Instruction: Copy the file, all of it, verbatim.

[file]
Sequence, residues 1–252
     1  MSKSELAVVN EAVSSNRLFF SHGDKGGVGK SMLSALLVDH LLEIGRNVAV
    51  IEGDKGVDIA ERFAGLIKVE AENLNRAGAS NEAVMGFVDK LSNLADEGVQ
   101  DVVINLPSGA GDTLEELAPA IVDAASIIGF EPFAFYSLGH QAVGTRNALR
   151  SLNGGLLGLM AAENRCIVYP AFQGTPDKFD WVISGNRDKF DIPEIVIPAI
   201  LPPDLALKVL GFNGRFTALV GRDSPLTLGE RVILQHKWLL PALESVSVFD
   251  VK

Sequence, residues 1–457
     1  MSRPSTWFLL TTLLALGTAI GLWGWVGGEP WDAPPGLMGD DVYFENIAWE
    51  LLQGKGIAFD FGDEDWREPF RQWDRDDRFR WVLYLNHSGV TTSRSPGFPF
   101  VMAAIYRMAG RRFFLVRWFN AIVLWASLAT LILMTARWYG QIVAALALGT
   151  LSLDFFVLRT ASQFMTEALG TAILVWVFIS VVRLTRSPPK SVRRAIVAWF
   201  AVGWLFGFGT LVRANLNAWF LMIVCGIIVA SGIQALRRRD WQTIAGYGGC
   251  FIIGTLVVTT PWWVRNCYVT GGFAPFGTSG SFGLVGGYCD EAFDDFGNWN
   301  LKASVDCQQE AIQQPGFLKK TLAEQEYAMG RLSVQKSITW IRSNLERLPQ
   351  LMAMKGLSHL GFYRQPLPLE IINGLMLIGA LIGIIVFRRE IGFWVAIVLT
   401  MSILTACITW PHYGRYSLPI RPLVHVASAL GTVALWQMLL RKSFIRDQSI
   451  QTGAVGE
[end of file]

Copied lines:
Sequence, residues 1–252
     1  MSKSELAVVN EAVSSNRLFF SHGDKGGVGK SMLSALLVDH LLEIGRNVAV
    51  IEGDKGVDIA ERFAGLIKVE AENLNRAGAS NEAVMGFVDK LSNLADEGVQ
   101  DVVINLPSGA GDTLEELAPA IVDAASIIGF EPFAFYSLGH QAVGTRNALR
   151  SLNGGLLGLM AAENRCIVYP AFQGTPDKFD WVISGNRDKF DIPEIVIPAI
   201  LPPDLALKVL GFNGRFTALV GRDSPLTLGE RVILQHKWLL PALESVSVFD
   251  VK

Sequence, residues 1–457
     1  MSRPSTWFLL TTLLALGTAI GLWGWVGGEP WDAPPGLMGD DVYFENIAWE
    51  LLQGKGIAFD FGDEDWREPF RQWDRDDRFR WVLYLNHSGV TTSRSPGFPF
   101  VMAAIYRMAG RRFFLVRWFN AIVLWASLAT LILMTARWYG QIVAALALGT
   151  LSLDFFVLRT ASQFMTEALG TAILVWVFIS VVRLTRSPPK SVRRAIVAWF
   201  AVGWLFGFGT LVRANLNAWF LMIVCGIIVA SGIQALRRRD WQTIAGYGGC
   251  FIIGTLVVTT PWWVRNCYVT GGFAPFGTSG SFGLVGGYCD EAFDDFGNWN
   301  LKASVDCQQE AIQQPGFLKK TLAEQEYAMG RLSVQKSITW IRSNLERLPQ
   351  LMAMKGLSHL GFYRQPLPLE IINGLMLIGA LIGIIVFRRE IGFWVAIVLT
   401  MSILTACITW PHYGRYSLPI RPLVHVASAL GTVALWQMLL RKSFIRDQSI
   451  QTGAVGE